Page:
Getting Started With Hospice

Our family member with dementia is now in a hospice program. She continues to live in her apartment and to be helped by the caregivers that she is used to having as a part of her daily life. Mother was clear that she did not want to go back to the hospital for any reason (October 25, 1009 posting), and her greatest fear before the dementia took hold was that she might be attached to machines in a hospital. This hospice overview provides more information.

Because of her dementia, Mother has gradually lost the ability to do all but the most basic activities, she and needs constant supervision. She depends on others for every activity in her daily life — from getting dressed to eating to moving about, and even with support many of the activities are getting harder and harder. Just about the only thing that mother can do for herself is move her spoon from the plate to her mouth, though someone needs to put the food on the spoon, and sometimes the spoon takes a circuitous route and needs a helpful hand before it reaches her mouth. Thus we needed to find a way to focus on her end-of-life needs because we knew that her type of dementia does not miraculously change course.

After the most recent visit to the hospital emergency room in October we investigated hospice programs as a possibility. Mother entered the program. Just the other day Jane Brody wrote this article in the New York Times, talking about end-of-life hospice care.

The first thing that hospice professionals did was to take her off many of her daily medications — up to about thirteen. They kept her on meds that help for her (three of them), but took her off of the meds that fix or correct a problem (because they can’t fix anything). Once off of these medications mother seemed much more alert. She does not sleep as much, and she does not seem to get as dizzy. She is much happier.

The second thing that happened was that the nurses from hospice put notices in her apartment, in her chart, and with the assisted living managers, asking everyone to call hospice if there is an incident. (Hospice has a 24 hour number) rather than an ambulance and traveling to the hospital emergency room.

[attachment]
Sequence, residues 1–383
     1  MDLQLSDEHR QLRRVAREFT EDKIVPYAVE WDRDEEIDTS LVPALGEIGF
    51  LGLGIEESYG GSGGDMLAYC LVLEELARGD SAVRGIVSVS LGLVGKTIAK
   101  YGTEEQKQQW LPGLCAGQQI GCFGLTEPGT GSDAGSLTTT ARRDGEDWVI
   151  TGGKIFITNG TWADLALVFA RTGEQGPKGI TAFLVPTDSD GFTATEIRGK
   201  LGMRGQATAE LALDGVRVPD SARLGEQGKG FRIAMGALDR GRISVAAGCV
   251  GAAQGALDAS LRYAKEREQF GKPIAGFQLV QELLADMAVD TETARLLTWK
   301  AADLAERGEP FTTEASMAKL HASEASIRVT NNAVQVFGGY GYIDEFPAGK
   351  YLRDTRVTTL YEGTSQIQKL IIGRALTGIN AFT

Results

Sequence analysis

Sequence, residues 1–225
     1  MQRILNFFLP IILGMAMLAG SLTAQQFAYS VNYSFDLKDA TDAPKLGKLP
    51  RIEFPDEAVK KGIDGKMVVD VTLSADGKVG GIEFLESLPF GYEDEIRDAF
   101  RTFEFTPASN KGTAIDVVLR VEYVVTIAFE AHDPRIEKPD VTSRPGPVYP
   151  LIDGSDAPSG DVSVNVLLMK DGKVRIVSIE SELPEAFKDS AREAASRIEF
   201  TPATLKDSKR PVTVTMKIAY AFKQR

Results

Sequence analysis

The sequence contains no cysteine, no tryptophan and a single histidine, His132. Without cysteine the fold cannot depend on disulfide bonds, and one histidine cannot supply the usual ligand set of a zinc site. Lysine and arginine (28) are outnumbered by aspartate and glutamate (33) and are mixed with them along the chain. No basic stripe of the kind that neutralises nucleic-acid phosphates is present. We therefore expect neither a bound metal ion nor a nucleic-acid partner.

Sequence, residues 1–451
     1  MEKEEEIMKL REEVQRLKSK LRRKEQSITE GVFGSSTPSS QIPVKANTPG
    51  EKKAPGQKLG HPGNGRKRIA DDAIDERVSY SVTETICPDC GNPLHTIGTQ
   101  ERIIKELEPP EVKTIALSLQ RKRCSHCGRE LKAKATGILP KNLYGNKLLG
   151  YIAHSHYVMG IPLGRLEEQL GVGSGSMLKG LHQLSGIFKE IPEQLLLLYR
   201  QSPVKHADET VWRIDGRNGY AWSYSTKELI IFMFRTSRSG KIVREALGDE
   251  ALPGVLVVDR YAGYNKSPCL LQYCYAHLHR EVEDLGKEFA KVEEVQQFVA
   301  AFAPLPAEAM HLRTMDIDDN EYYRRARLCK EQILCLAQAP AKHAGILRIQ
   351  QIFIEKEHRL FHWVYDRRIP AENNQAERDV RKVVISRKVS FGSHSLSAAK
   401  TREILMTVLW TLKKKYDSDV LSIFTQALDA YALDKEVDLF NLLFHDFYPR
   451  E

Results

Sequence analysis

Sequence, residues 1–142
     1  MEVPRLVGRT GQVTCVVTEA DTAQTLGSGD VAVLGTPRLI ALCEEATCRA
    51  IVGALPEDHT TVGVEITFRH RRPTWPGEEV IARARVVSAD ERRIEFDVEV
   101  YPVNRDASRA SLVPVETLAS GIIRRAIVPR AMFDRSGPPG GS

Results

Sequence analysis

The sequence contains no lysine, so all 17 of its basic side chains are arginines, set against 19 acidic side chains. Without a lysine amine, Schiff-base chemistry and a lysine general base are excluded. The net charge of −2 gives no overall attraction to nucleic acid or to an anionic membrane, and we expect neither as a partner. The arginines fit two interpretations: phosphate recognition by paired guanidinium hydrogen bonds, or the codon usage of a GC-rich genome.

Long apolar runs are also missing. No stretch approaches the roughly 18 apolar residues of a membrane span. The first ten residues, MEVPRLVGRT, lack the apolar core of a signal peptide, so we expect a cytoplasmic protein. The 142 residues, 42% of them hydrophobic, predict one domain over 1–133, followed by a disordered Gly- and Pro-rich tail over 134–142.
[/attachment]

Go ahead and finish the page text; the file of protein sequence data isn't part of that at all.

A nurse visits regularly as does a health aid who can help with bathing. A social worker visits to be sure she does not have any other issues.

When mother complained of pain, the nurse was in her apartment within an hour, figuring out where the pain was, discovering the cause, and solving the problem.

This has made our interaction with mother much more relaxed and we have far less anxiety. We are not worrying every time the phone rings that she may be on her way to the emergency room, and when we visit, we worry about fewer issues because there are others who are managing those issues. Thus our time is conversational and enjoyable. Several times a week we are able to share a meal with mother in the dining room and we help her get ready for bed.

There is plenty of information about hospice programs at the National Hospice and Palliative Care Organization.

2 thoughts on “Getting Started With Hospice

  1. Pingback: Washington Post Article on Hospice and Palliative Care « As Our Parents Age

  2. Pingback: Eleanor Clift Writes About Hospice « As Our Parents Age

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